As the mayoral preliminary election approaches, some of the six candidates weighed in on what their approach would be to making the city a safer place.
“No one is OK with this and we have one of the most dangerous cities in the country,” Carvalho said.
Carvalho’s assessment of crime in Fall River is correct according to the FBI website NeighborhoodScout, which lists the city as the 42nd most dangerous city in the country.
“How many elderly people in this city are afraid to go out of their homes?” said Carvalho.
If elected mayor, Carvalho said he would first try to tackle the city’s growing drug problem, with heroin being the drug of choice in Fall River.
“I will organize a drug summit and bring all of the local and federal agencies in our community and state together,” Carvalho said. “Let’s all get together in a real partnership and focus on how we can make an impact on this terrible scourge and work collectively to make a difference.”
The criminal community in Fall River “is a bold group,” said Carvalho, and it is important to get people together to lower the crime rate “sooner rather than later.”
Incumbent Mayor Will Flanagan
When he took office in 2009, Mayor Will Flanagan said the complement at the Fall River Police Department was 190 police officers.
Today, Flanagan said he’s raised that number to 225 and is currently working to add eight more police officers to the force.
If re-elected, Flanagan said he will continue to invest in public safety and continue programs like ShotSpotter.
“We’ve seen it as an effective tool for police as they are instantly notified of a shooting and are able to arrive more rapidly to a scene to investigate,” Flanagan said.
Flanagan said he will continue to crack down on absentee landlords in the city where drug trafficking is more prevalent, raise awareness of drug addiction and hold drug dealers more accountable.
Education is another way to battle crime and drug addiction, Flanagan said, adding that he will continue to fully fund the school system and add more programs for youth.
Candidate William Grinvalsky emailed this statement regarding his policy for public safety if he is elected mayor:
“I am already involved with officers on these issues. My plan is to get more help in major crimes division so more raids and problems can be addressed. Police are working hard in all areas and a lot is falling through the cracks. The Sheriff’s office showed a concern a couple years ago in assisting local police in this arena. I would like his office to combine forces with City police and conduct more raids and close in on these Gangs that are infiltrating our City. Not to say the police can’t handle it but a heavier show of enforcement will deter Gangs, drug and criminal activity. In closing more absentee landlords need to be held accountable for their tenants and property.”
If elected mayor, candidate Mike Raposa said one of his first actions would be to change the rank of police chief and deputy police chief to a civil service position and take politics out of the police department.
“Let the police do their job. I want the police chief to have the big thumb to push the button,” Raposa said, “not the mayor.”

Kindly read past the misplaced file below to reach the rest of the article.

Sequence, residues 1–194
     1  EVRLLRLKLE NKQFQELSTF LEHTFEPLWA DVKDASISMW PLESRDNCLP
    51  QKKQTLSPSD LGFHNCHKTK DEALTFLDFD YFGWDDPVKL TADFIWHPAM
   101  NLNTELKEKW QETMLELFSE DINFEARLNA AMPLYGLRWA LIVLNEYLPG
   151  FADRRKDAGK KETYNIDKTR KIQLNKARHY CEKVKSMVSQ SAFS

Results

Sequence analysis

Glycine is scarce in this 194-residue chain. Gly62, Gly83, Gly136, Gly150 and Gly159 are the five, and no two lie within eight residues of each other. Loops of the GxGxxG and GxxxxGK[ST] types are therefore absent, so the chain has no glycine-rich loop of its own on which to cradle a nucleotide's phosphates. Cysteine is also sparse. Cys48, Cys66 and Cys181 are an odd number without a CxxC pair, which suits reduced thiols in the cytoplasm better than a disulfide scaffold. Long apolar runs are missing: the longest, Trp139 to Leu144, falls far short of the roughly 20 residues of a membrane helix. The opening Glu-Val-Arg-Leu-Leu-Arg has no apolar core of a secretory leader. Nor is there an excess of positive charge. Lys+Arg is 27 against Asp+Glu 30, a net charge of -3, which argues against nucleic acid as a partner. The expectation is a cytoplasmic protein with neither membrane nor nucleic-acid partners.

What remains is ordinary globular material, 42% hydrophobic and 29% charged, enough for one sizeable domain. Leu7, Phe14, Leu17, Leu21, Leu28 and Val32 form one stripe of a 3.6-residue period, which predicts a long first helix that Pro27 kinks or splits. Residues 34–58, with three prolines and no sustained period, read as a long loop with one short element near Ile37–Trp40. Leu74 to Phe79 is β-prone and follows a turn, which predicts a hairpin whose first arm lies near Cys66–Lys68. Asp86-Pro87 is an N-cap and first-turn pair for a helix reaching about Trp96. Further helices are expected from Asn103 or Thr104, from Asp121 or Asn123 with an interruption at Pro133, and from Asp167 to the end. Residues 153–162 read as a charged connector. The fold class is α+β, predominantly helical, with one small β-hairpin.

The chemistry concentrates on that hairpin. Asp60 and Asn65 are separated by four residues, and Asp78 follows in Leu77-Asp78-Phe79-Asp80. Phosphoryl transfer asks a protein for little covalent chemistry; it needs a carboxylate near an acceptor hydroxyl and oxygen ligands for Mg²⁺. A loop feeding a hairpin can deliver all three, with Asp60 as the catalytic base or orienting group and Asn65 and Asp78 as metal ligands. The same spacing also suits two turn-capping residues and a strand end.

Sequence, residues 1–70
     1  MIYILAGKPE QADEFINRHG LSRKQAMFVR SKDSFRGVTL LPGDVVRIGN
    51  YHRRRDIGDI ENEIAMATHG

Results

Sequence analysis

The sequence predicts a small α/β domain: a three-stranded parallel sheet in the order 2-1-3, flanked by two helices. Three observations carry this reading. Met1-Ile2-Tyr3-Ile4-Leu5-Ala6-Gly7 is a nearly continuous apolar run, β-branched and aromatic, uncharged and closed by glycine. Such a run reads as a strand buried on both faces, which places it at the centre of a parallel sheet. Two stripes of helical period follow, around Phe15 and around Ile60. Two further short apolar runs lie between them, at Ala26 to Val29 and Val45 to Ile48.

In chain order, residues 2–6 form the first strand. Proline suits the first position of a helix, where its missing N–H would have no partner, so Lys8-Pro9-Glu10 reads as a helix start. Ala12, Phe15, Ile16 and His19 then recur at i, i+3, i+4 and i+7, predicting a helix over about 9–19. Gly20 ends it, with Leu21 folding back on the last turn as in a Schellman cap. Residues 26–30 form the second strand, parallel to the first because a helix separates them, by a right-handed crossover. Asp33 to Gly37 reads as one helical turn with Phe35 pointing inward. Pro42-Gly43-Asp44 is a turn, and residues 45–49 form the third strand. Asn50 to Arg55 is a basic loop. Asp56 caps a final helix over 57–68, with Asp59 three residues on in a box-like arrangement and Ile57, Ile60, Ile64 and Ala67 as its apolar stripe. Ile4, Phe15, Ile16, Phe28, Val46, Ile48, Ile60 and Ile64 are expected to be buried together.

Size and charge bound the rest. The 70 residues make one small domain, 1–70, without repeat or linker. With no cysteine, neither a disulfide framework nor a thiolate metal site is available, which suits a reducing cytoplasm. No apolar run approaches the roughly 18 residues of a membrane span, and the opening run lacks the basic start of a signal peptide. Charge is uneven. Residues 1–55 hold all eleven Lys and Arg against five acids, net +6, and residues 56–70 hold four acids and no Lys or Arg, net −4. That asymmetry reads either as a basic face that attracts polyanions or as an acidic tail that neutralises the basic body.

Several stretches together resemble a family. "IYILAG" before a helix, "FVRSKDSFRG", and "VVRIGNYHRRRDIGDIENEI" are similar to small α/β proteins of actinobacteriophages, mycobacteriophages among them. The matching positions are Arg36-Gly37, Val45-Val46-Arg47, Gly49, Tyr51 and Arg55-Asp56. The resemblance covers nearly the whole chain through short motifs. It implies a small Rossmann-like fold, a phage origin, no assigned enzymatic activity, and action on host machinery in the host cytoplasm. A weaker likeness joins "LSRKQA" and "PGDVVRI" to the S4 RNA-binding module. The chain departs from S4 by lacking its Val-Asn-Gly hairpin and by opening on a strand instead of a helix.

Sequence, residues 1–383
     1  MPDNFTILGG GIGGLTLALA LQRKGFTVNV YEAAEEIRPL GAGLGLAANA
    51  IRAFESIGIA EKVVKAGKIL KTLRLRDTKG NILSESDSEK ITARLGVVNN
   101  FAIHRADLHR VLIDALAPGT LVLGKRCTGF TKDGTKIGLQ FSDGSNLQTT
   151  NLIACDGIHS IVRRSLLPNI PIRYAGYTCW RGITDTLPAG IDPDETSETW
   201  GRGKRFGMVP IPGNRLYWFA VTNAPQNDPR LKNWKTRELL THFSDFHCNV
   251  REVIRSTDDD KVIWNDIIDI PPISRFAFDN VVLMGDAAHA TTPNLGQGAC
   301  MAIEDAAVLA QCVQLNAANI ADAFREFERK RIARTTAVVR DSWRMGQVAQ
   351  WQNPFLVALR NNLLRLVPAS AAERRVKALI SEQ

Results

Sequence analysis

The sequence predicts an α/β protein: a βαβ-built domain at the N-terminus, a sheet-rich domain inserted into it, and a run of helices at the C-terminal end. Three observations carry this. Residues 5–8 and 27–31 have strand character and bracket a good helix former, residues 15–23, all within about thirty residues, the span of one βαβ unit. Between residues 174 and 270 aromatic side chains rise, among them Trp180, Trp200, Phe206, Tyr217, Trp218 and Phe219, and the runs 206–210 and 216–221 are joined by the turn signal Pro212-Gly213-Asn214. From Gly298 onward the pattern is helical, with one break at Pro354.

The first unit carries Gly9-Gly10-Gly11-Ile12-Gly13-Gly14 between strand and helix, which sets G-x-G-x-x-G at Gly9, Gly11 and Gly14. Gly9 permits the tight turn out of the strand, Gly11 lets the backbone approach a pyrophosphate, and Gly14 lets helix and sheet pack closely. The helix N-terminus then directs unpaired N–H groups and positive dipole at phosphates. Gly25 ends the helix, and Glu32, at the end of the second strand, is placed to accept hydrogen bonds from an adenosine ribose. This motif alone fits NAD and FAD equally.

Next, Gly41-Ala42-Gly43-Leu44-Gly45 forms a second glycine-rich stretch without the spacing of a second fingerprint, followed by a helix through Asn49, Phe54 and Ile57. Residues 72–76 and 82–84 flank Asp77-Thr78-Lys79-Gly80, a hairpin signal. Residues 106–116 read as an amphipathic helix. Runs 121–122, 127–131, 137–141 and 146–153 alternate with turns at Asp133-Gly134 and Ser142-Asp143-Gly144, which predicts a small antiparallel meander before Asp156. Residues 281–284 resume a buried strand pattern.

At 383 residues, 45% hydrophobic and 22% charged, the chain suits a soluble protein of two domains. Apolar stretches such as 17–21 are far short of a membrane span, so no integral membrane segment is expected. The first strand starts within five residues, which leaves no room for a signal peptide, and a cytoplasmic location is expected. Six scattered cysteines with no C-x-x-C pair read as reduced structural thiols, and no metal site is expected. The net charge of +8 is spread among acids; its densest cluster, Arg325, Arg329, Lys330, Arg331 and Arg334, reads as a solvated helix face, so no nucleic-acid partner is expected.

Raposa would also fully fund the police department to allow them to purchase the equipment they need and the staffing they require.
Drugs and addiction are also a major problem in the city and Raposa said there needs to be better services for drug addicts.
“Only 1 percent of the people seeking treatment are successful,” Raposa said.
He would also work with the state delegation to strengthen sexual assault laws and raise the age of sexual consent from 16 to 18 years old.
“Older people are targeting our young people and it’s time for a change,” Raposa said.
A change in the law could also lower teen pregnancy that would also lower the high school drop-out rate, Raposa said.
Investing in more crime-fighting technology is one way candidate Joao Costa would like to fight Fall River’s standing as one of the nation’s top 100 dangerous cities.
Costa said he would add 25 new police officers to the Fall River Police Department and have more foot patrols in some of the more dangerous neighborhoods like the Corky Row area and Rodman Street.
“I would bring more jobs to the city,” Costa said, “more jobs means less crowds.”
Note: A statement from Richard Renzi was not received by deadline. The following statement was posted to his campaign Facebook page.
“Candidate Richard Renzi promises a change for the better, assuring more police officers and firefighters- If elected.
“As stated in 2011, Public safety and Education are intrinsic to a City’s existence and that neither should be sacrificed. Cuts must be found else where in the budget at the same time, better service agreements entered into with the local unions.
“Our City needs an adequate Public Safety element and I plan on providing just that, if elected. I have heard the people loud and clear and as a Mayor, it would be my job to give the people what they want providing it is fiscally sound and that the plan to do so, is done in a mannerism where no more borrowing is or was to take place.
“The people want the demand, which warrants the increase and I am sure that both the Office of Mayor and the City Council together can bring to remedy an idea that works.
“Renzi feels that there is nothing that a little bit of communication cannot solve and vows to bring simple solutions to our crime and drug problem here in the City.”
Email Jo C. Goode at [email protected]